Get the wheels turning. It is this connectivity, zeal and action that will win our cause in the end. We have to stop waiting for the Church and all the pro-life groups to do it for us. They can't.

I cannot underscore how important it is to want it badly. When two teams compete with one another, and they're about equal, it's the team that wants it more badly-- the one that is willing to do what it takes-- that will win. Even underdog teams will win if they are more ardent.

Among the reasons why abortion is legal in Canada, is that Henry Morgentaler was willing to go to jail for it. He wanted it so badly, he was willing to suffer jailtime to get what he wanted.

I'm not advocating you all break the law. I'm just trying to show how badly you have to want something in order to get it when you're up against a formidable opposition (and the opposition to Morgentaler wasn't THAT deep). If we can't want it AT LEAST as badly as he did, and aren't willing to suffer more and longer than the pro-aborts, we won't get what we want.

For too long, we've used too many excuses. But the truth is undeniable: if we want to win, we have to start putting the pro-life issue on a higher priority list in our lives and DO something. If we do not change our ways, then the issue will never be solved. The problem for too long is that when society closed a door, we didn't open a window. We didn't dig a tunnel or blow a hole through a wall. When the MSM shut us out, we basically twiddled our thumbs (except for Lifesite and a few other publications). When the Conservatives didn't want to have a fetal rights policy, we collectively sat on our hands. When we couldn't get in the schools, we didn't leaflet on the streets.

We let circumstances dictate our results, instead of changing our circumstances and taking things into our own hands. That's what desire does: it propels you to do what is different to arrive at your objective.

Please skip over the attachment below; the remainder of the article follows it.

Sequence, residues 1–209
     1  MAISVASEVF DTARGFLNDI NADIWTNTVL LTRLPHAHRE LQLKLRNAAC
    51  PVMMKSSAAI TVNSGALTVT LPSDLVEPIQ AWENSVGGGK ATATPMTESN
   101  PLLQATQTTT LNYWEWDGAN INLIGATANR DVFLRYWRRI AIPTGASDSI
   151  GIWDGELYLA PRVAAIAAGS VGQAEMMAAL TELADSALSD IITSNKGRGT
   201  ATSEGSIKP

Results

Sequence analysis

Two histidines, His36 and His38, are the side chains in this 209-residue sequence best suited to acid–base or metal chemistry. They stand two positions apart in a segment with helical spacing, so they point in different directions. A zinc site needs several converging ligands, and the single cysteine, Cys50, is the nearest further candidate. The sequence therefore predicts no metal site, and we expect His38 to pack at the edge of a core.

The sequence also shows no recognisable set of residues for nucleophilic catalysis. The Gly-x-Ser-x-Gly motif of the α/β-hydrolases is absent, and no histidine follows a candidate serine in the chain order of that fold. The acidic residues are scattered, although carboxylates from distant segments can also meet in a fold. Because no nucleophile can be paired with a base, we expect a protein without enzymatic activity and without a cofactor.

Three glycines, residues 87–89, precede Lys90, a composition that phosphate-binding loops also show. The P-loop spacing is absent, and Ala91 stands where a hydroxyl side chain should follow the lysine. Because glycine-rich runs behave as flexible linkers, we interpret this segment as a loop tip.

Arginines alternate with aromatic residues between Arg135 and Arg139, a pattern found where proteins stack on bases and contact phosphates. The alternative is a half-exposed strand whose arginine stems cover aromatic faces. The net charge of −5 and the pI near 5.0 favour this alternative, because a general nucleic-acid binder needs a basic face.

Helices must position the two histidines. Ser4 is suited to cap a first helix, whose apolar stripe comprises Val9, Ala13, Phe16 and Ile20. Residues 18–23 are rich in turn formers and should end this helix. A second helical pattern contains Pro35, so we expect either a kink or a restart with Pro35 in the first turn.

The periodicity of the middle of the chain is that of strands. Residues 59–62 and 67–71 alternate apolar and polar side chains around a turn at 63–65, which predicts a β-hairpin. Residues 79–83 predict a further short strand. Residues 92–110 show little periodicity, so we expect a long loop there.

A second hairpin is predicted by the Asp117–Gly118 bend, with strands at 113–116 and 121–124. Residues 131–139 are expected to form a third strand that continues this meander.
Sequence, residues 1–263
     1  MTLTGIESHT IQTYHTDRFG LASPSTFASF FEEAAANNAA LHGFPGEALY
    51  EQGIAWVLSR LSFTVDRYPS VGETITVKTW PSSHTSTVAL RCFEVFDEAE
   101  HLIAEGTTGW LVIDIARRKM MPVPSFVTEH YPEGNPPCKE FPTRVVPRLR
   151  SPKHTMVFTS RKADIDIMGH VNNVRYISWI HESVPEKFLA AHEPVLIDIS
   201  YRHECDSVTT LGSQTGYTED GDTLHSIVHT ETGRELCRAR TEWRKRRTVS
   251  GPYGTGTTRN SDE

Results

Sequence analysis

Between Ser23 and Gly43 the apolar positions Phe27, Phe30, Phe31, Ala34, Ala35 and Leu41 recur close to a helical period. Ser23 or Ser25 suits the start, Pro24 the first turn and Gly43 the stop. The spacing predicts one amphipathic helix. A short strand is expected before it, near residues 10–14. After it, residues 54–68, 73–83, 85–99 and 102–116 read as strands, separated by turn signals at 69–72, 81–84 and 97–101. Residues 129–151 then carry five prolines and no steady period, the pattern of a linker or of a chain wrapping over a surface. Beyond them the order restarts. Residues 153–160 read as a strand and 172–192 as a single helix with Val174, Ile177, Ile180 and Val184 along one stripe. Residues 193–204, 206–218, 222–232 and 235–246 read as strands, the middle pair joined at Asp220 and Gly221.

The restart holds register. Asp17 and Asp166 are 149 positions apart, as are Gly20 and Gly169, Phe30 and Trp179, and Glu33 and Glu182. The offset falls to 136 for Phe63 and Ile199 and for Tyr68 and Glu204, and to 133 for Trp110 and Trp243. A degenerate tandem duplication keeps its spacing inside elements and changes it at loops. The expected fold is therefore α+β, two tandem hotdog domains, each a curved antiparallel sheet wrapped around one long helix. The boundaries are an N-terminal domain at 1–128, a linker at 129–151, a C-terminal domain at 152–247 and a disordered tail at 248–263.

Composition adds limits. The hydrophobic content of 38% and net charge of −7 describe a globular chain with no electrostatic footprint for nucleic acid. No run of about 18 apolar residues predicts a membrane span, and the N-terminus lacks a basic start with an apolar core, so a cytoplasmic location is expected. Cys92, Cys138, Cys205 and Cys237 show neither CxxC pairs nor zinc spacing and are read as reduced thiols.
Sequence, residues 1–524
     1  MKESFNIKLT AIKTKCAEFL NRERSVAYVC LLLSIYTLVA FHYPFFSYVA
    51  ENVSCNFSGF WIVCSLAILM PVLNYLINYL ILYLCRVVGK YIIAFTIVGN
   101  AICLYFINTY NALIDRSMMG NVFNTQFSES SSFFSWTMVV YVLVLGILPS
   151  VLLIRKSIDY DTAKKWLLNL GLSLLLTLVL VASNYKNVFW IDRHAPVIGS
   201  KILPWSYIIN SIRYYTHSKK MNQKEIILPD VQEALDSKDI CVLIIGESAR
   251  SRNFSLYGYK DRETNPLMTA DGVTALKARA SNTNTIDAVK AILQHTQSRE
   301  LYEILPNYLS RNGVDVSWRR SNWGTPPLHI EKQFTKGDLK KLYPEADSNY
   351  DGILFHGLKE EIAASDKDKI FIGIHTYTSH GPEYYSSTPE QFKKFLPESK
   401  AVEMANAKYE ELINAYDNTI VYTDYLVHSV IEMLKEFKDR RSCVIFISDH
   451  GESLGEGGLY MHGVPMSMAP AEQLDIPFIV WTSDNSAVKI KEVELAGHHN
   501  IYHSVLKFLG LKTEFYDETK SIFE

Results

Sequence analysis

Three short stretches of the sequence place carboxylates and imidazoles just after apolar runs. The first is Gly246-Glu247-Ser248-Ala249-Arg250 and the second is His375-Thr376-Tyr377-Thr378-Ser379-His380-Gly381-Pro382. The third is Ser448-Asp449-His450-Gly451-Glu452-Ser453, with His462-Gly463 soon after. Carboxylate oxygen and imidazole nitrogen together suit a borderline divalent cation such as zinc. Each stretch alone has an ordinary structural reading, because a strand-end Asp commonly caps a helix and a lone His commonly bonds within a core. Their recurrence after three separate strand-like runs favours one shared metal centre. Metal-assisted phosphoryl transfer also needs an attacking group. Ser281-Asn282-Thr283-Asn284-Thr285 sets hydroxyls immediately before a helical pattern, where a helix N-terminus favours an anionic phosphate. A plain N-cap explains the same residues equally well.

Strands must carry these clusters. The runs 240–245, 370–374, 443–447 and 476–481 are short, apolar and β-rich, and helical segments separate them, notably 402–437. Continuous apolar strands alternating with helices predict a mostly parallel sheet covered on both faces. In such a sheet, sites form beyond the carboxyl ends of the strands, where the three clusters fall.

Getting back to the older topic: I think that we really want this contest to mean more than it means because we're looking for an easy victory. Understand that this contest was important for us, and it revealed many lessons. But we can't reduce the whole abortion debate and Canadian public opinion to this one contest. We can't be so hung up on this one contest, that we simply extrapolate favourable conclusions because it's easier than doing something about it. This is a very tiny, tiny step. This contest put the abortion debate on the radar for a small period of time. But this has done very little concretely to change the political landscape-- it's merely shown that abortion is important enough for us that we're willing to vote in a contest.

If we want a significantly more concrete result than this WishList contest, then we have to put in the corresponding amount of effort. The bad news is that we have a long ways to go. The good news is that this contest has shown that we can do it. I know what some are thinking: but the goal is so far away.

Again: the real factor that will decide whether pro-lifers win unborn rights is that we want this objective badly enough, on a collective level. If we use as an excuse that we can't win as an excuse not to try, we will produce a self-fulfilling prophecy. But if we want it badly enough, and we do those things to MOBILIZE and INFLUENCE public opinion, this facebook contest shows that WE CAN WIN.